Dentures and partial dentures are removable prosthetic devices that can replace a single tooth, numerous teeth, or all of the teeth in your mouth. A denture or partial denture is generally a more economical solution for missing teeth than implants, crowns and bridges. A full or complete denture refers to a denture that is designed to replace all the top teeth, or all of the bottom teeth in a patient who no longer has teeth. Traditionally, complete dentures relied on natural suction or the use of denture adhesive pastes to keep them secure while eating or speaking. Nowadays this design can often be supplemented with a couple of strategically-placed implants to provide superior retention. A partial denture is a removable appliance that is worn by someone missing one or many teeth, but who still has some healthy, sturdy teeth in their mouth. A partial denture fills in the spaces with artificial denture teeth, and has clasps that secure the partial denture to the strong teeth for support and stability while speaking or chewing. Both full dentures and partial dentures are intended for wear during the day, but should be removed at night for cleaning and to allow the natural tissues of the mouth to refresh.
Is a denture right for me?
A denture relies on a combination of sufficient bone structure under the gums, and a well-shaped upper palate and lower “ridge”. If you have been a denture wearer for many years without problems and you are ready to replace an older, worn denture, then you are an ideal candidate for a new denture. If you have worn an upper partial denture but now need to have your remaining upper teeth extracted, you will likely have an easy time adapting to the new upper full denture. However, it is usually not as simple when it comes to full lower dentures. If you have worn a lower partial denture in the past but now need to have your remaining lower teeth extracted, it may be difficult to adapt to the loss of stable supporting teeth to keep the new full denture in place. There is a simple reason for this difference: Without teeth, most people’s “upper mouth” has a well-shaped palate with lots of surface area for a denture to cover. The high arch of the palate also allows an upper denture to form suction with the roof of the mouth to provide for a strong, natural bond. However, without any lower teeth, the lower ridge is only a narrow “horseshoe-shaped” structure, and in place of a palate there is a tongue, which is a large, strong muscle that moves all around during speaking and eating. The tongue, especially when combined with a lower ridge that is often flattened and small, creates an environment that works against keeping a full lower denture securely in place. Denture adhesive pastes can help, but strategically-placed implants in the lower ridge upon which the lower denture can snap into place can completely eliminate the instability inherent in lower dentures.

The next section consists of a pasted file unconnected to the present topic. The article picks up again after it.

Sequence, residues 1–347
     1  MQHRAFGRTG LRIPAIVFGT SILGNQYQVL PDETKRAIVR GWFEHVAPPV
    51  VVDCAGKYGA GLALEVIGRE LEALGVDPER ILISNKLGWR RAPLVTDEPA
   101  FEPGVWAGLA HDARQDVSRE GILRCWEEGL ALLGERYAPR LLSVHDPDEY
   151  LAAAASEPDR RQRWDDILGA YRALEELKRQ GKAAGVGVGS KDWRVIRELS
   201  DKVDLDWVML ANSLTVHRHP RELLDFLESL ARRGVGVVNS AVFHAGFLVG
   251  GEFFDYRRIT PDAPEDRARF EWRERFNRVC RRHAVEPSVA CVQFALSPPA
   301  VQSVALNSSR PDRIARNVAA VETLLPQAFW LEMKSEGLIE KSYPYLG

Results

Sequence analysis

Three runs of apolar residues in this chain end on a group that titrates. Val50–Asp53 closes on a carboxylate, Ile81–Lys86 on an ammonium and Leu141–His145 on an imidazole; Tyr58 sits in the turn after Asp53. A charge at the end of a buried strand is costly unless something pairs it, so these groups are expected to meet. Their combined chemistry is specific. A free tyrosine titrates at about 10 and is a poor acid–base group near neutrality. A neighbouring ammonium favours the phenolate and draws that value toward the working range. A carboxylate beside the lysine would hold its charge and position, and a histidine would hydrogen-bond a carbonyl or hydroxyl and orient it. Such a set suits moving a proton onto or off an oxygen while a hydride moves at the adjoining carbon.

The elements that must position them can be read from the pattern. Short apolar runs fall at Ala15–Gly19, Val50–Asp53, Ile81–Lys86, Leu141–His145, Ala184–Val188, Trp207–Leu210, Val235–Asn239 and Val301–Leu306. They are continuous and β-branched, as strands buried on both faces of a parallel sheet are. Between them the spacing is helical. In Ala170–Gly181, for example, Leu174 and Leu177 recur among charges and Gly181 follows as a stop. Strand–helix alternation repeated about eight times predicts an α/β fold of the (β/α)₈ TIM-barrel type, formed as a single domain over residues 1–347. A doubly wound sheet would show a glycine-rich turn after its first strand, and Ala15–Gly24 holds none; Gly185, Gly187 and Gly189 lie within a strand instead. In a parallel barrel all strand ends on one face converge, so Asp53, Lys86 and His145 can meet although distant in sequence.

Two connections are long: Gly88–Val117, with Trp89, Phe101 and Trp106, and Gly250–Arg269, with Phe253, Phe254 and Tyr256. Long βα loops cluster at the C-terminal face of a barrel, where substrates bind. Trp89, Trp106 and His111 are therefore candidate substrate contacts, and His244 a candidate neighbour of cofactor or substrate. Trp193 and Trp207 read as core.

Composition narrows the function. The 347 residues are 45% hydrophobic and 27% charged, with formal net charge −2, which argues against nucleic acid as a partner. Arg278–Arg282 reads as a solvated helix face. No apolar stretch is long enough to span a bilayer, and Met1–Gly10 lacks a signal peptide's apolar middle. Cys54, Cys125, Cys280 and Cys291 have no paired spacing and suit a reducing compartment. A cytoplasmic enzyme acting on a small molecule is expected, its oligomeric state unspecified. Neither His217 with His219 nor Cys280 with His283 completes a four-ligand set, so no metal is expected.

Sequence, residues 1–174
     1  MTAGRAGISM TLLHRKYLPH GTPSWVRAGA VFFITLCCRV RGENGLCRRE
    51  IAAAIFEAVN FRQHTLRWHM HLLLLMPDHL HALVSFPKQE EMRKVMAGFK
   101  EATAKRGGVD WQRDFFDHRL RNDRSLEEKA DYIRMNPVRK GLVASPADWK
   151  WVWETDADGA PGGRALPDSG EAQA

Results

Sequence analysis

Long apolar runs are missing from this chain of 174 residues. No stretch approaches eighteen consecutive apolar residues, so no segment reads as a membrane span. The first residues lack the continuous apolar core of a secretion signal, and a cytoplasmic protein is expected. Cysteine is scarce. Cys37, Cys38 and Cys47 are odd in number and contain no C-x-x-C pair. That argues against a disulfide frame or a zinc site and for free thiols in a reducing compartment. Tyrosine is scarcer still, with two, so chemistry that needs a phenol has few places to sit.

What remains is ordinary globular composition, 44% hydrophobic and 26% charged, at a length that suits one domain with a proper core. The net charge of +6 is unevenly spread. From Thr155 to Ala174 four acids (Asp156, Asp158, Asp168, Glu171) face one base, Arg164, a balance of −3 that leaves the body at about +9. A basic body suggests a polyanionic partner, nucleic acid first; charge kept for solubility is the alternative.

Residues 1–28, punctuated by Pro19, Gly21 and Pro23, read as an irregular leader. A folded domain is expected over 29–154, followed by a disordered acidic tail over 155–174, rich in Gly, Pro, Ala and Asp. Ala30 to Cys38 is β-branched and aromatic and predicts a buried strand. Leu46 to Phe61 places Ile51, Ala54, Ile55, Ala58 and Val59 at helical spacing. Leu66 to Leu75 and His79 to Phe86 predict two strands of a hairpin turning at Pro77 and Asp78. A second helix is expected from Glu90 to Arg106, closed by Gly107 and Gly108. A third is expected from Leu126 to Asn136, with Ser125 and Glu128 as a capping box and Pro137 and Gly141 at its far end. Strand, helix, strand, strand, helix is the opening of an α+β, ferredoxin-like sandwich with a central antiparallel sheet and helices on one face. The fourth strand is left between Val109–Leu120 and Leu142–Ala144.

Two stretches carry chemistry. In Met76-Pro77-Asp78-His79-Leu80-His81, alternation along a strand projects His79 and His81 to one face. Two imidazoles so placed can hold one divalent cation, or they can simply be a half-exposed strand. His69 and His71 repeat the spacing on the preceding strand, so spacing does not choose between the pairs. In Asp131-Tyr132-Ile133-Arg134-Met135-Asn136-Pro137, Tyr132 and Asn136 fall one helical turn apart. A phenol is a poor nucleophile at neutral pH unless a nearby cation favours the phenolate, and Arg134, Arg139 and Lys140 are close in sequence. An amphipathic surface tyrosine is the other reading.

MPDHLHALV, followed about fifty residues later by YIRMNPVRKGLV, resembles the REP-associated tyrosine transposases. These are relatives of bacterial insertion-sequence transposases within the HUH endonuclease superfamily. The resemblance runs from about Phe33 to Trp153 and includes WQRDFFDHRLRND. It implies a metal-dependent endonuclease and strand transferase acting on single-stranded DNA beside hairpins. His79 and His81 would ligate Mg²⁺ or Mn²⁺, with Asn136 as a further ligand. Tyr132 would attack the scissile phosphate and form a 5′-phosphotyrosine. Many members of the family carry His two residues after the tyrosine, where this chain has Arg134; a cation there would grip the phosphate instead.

Is a partial denture right for me?
For most patients who may be missing some upper and/or lower teeth but have other healthy, strong teeth in their mouths, a partial denture can fill in spaces, contribute to improved chewing, and improve appearance. Unlike with implants or bridges, there is no need for anesthesia, surgery, drilling of teeth, or long appointments. Partial dentures can be made from flexible plastic frameworks, or cast-metal substructures, and the choice of materials often depends upon the number of missing teeth and the specific design of the appliance. Many patients wear partial dentures for decades, while other patients wear them for a short period of time, until they can take on more extensive permanent tooth replacement.
Sequence of events in denture and partial denture fabrication:
First, detailed impressions of your mouth will be taken and sent to our denture laboratory. Your dentist will make notes about the type of denture teeth that will best suit your individual needs, and will consult with you on tooth color.
At the second visit, the lab will have designed a temporary denture base (for a full denture), or a framework (for a partial denture). Your dentist will try this in and make specific measurements in wax that will help the lab to know things such as: how your upper and lower teeth come together when you bite, how much your front teeth will show when you are smiling and speaking, and how much volume is needed to keep your lips and cheeks from looking “sunken-in” or hollow. This work is then returned to the lab.
The third visit will be for a try-in. The lab will have placed the new denture teeth into the full or partial denture, but the artificial “gums” will still be made of wax. This gives both you and your dentist the opportunity to see exactly how the dentures will look in your mouth, and allows for corrections to be made before final processing. At this visit, if it is agreed that the try-in is perfect, it is sent back to the laboratory for final processing. If corrections are required there may be additional try-in appointments until the denture looks just right.
At the final visit, your dentist will insert the denture and make any necessary adjustments. Getting used to a new full or partial denture takes about two weeks for most patients, and many will need to return for some minor adjustments during this time.